One hot August in the well-to-do community of Kitchewan, New York, an act of violence tarnishes the veneer of security and shine. The insular suburb may have “great schools, upscale people, and gorgeous river views,” but just like a body of water, the surface never tells the whole story.
Indian American immigrant Babur Singh and his daughter, Angie (formerly Anjali), are making their way in a very white world, neither of them knowing the rules that others seem to intrinsically grasp. In a traumatizing instant, Angie is thrust into the very spotlight she wants to avoid: Walking home from swim practice, she finds handsome, popular jock Henry McCleary stabbed on the football field. Biases reveal themselves as public opinion solidifies in predictable ways, and soon all fingers point to Chiara Thompkins, one of the only Black students at Kitchewan High School, who has disappeared.
From this bang of an opener, Vibhuti Jain’s debut novel is marked by crime and prejudice, building to a story of human nature at its most vulnerable and manipulative. The lives of Chiara, Henry, Angie, Babur and Didi (Chiara’s cousin) grow more and more entwined in the aftermath of the incident, which is not as straightforward as everyone believes. The characters’ tumultuous minds are captured in arresting detail, although the chapters that incorporate multiple perspectives and points in time are a bit muddled. Still, Jain excels at developing multidimensional characters and an atmosphere of intrigue while also calling attention to the complicated web of class and race dynamics.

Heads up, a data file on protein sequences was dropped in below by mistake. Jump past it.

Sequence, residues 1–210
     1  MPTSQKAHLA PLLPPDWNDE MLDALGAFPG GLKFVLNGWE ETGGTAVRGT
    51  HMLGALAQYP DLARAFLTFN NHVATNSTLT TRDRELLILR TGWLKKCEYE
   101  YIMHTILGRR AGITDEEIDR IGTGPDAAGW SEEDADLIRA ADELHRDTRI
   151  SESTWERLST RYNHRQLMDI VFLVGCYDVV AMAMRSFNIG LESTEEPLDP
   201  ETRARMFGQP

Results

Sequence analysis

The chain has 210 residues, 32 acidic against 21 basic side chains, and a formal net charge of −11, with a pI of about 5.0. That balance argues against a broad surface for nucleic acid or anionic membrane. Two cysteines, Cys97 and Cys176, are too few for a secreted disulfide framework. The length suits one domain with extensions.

Everyone in Our Best Intentions carries a secret shame: something they want to conceal or protect, even as they also wish to be free of it. Angie especially is looking for absolution in the midst of all her tangled teenage emotions about what really happened between Henry and Chiara. Babur is looking for the light in his daughter’s eyes and the laugh in her voice to return. And although the authorities may be looking for Chiara, not enough people in Kitchewan are searching for the truth. But eventually the truth will out, as it always does.